Sea-level rise may be the greatest threat to mangroves

29 August 2008 | News story

Mangrove ecosystems are under threat from climate change. Initial research led by IUCN and three leading universities shows that most mangrove sediment surface levels are not keeping pace with sea-level rise.  The greatest impact will be on those mangroves where there is limited area for landward migration.

Research has demonstrated Pacific Islands mangroves to be at high risk. However, adaptation measures can offset anticipated mangrove losses and improve resistance and resilience to climate change. Coastal planning can adapt to facilitate mangrove migration with sea-level rise.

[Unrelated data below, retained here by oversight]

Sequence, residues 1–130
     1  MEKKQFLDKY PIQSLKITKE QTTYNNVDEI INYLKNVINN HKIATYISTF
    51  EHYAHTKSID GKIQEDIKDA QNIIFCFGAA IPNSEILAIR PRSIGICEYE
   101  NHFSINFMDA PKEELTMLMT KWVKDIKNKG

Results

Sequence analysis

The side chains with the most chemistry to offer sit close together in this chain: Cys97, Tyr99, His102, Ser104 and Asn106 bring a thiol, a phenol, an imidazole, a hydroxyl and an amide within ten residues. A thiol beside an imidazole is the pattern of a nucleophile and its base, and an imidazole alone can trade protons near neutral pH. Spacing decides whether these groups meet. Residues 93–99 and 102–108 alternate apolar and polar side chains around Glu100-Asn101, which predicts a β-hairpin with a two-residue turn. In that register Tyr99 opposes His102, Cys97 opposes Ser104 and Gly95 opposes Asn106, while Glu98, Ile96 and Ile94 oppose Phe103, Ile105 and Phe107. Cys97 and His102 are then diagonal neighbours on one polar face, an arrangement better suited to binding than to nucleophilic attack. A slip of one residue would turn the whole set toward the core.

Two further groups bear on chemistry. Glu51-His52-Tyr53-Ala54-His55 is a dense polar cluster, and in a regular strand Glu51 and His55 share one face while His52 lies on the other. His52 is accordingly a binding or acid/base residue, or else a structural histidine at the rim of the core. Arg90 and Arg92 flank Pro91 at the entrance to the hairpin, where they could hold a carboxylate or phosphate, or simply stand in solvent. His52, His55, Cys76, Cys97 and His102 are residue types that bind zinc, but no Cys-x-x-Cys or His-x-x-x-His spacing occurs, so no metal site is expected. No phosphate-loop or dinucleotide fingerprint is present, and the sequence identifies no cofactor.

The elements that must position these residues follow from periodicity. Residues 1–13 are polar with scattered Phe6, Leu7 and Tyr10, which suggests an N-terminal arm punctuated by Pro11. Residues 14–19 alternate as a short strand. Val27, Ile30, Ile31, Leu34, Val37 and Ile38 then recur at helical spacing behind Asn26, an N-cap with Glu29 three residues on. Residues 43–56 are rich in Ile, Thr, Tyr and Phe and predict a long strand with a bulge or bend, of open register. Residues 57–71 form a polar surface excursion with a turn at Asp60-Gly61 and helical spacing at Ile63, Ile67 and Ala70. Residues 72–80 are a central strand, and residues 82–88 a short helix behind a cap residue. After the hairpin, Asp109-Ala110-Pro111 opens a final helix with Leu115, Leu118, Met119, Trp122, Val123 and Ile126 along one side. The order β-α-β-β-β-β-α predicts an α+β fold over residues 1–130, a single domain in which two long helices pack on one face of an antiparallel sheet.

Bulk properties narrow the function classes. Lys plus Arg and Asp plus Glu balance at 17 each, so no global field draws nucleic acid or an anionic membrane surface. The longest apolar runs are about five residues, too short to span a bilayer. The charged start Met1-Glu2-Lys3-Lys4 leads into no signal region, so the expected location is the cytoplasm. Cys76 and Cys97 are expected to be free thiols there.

Other management options include better control of activities within the catchment that affect long-term trends in the mangrove sediment levels, rehabilitation of degraded mangrove areas, and designation of protected area networks that include mangroves and functionally linked ecosystems.

More research is needed on assessment methods and standard indicators of change in response to effects from climate change, so at this stage, there is less certainty over other climate change outcomes and mangrove responses.







This image shows the courtship behavior of Indian Bull frogs (Holobatrachus tigerinus). During the monsoon, the breeding males become bright yellow in color, while females remain dull. The prominent blue vocal sacs of male produce strong nasal mating call.